[Java] Try Health Check on Azure App Service.

4 minute read

Introduction

Hello.

Are you using App Service?

It is a typical PaaS that operates only by deploying a web application, but when it is operated, problems will occur in terms of recoverability. With App Service deployed, the health check for the application is not enabled, so even if the application does not respond normally, the internal load balancer will continue to distribute requests to the abnormal application. When such a situation occurs, it may cause troubles such as problems with service health monitoring and requests of a specific user being continuously distributed to abnormal instances.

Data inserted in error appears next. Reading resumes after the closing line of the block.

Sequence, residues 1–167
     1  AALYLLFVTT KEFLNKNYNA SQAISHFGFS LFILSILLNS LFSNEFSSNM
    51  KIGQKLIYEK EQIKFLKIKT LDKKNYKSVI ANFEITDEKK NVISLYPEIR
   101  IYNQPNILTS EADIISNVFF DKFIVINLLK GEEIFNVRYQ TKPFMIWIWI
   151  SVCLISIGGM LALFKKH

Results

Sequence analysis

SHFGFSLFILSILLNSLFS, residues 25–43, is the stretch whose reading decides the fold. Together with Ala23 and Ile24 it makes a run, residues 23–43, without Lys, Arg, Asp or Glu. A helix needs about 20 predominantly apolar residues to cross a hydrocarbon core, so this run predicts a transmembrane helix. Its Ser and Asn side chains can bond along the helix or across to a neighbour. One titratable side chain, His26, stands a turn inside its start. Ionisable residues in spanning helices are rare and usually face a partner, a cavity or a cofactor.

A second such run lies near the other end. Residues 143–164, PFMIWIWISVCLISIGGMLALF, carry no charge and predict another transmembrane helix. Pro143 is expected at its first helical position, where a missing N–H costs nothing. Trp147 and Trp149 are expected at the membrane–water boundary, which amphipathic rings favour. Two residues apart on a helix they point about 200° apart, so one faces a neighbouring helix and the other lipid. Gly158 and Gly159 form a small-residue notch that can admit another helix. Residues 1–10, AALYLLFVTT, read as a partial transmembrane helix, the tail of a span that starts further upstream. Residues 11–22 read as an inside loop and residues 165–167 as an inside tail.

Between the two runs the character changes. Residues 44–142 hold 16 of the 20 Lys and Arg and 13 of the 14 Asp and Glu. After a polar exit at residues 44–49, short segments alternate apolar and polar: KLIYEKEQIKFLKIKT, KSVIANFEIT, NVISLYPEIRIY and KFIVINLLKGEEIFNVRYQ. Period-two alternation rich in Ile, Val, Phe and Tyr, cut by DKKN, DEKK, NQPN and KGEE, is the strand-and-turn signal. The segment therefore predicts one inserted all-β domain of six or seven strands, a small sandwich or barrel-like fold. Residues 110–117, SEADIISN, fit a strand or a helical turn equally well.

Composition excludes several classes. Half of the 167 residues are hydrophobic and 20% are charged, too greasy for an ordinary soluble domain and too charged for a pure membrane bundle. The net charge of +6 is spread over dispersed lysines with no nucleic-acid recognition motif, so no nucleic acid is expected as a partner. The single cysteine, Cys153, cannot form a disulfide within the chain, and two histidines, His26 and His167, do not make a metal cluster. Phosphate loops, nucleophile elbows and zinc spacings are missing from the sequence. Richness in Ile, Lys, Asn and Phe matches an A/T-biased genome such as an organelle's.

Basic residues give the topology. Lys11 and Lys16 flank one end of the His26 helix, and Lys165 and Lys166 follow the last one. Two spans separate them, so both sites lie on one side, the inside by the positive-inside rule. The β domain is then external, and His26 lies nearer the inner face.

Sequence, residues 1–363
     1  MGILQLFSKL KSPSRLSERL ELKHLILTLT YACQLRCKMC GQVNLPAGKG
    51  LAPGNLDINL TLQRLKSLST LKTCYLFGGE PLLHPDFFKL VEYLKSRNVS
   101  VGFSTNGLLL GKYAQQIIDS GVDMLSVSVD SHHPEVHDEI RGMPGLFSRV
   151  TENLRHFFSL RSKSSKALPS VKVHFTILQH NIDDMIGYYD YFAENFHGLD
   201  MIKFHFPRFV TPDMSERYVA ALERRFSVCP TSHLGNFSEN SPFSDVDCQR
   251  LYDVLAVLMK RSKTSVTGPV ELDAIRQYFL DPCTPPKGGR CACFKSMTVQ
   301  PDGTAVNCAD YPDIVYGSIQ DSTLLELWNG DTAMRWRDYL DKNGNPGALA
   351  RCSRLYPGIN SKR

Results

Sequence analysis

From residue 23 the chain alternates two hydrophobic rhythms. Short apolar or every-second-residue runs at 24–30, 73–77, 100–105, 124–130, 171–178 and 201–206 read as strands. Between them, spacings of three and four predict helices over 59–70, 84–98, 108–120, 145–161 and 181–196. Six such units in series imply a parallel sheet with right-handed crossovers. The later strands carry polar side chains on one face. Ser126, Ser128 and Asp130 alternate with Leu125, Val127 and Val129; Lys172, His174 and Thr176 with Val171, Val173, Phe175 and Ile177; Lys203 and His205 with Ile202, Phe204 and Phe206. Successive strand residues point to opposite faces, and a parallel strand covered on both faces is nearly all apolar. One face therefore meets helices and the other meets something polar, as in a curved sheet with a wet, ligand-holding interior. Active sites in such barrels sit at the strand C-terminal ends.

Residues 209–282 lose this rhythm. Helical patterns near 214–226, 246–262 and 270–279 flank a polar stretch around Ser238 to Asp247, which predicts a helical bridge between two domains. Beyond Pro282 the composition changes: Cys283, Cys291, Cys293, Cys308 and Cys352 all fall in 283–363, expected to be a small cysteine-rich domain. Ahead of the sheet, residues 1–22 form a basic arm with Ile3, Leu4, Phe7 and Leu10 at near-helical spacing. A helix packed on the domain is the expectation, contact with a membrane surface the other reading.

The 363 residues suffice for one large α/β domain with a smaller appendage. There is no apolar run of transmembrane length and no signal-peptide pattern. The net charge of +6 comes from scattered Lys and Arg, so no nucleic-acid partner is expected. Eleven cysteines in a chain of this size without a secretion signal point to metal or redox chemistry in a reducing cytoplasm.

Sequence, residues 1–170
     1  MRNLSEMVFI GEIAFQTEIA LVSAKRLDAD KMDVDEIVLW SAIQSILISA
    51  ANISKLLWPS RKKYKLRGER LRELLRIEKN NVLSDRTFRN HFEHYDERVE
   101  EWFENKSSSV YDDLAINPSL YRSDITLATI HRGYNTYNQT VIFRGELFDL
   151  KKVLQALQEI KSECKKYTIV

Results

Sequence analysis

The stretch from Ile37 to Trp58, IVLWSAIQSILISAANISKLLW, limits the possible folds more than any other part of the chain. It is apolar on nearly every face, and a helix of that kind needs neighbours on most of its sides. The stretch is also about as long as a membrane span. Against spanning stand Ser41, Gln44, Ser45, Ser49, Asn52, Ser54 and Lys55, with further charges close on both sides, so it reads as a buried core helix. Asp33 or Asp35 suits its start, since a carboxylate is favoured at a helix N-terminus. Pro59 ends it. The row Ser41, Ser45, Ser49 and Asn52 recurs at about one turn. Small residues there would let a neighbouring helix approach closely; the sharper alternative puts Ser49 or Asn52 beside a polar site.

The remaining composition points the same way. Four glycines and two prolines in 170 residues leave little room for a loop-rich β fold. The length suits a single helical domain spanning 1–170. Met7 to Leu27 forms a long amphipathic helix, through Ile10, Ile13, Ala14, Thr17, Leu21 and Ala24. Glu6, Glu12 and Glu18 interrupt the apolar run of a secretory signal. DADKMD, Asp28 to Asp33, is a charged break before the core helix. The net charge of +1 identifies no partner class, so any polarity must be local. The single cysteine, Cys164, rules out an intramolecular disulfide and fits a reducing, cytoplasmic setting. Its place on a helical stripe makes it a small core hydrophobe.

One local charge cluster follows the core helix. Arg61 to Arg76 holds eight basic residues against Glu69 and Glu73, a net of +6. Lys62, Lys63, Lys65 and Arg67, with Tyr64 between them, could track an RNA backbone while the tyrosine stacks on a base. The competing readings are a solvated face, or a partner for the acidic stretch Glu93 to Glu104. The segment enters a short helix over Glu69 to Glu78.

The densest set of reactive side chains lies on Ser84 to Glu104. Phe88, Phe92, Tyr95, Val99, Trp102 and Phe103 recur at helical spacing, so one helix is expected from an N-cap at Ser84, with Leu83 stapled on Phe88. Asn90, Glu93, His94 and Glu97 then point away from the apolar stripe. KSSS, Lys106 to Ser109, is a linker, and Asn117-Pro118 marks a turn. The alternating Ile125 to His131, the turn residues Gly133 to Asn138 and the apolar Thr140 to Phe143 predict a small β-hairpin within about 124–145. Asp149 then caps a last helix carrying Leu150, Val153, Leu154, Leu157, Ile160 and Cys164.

Therefore, I will try “Health Check” this time. Although it is a preview, you can immediately try it on the Azure environment where you can deploy now, so I will verify this function.

Documentation here: https://github.com/projectkudu/kudu/wiki/Health-Check-(Preview)

Preparing for # Health Check Health Check is a function that checks the HTTP health for each instance of the application and disconnects the instance if the response is incorrect. Currently, it is not possible to set the detection threshold, but if HTTP Ping does not succeed for 5 times, it is excluded from the request distribution destination and the abnormal instance is automatically restarted. Will behave. The success or failure of HTTP Ping is judged based on whether a GET request is sent to a specific URI and there is a response with a 200-series status code within 2 minutes.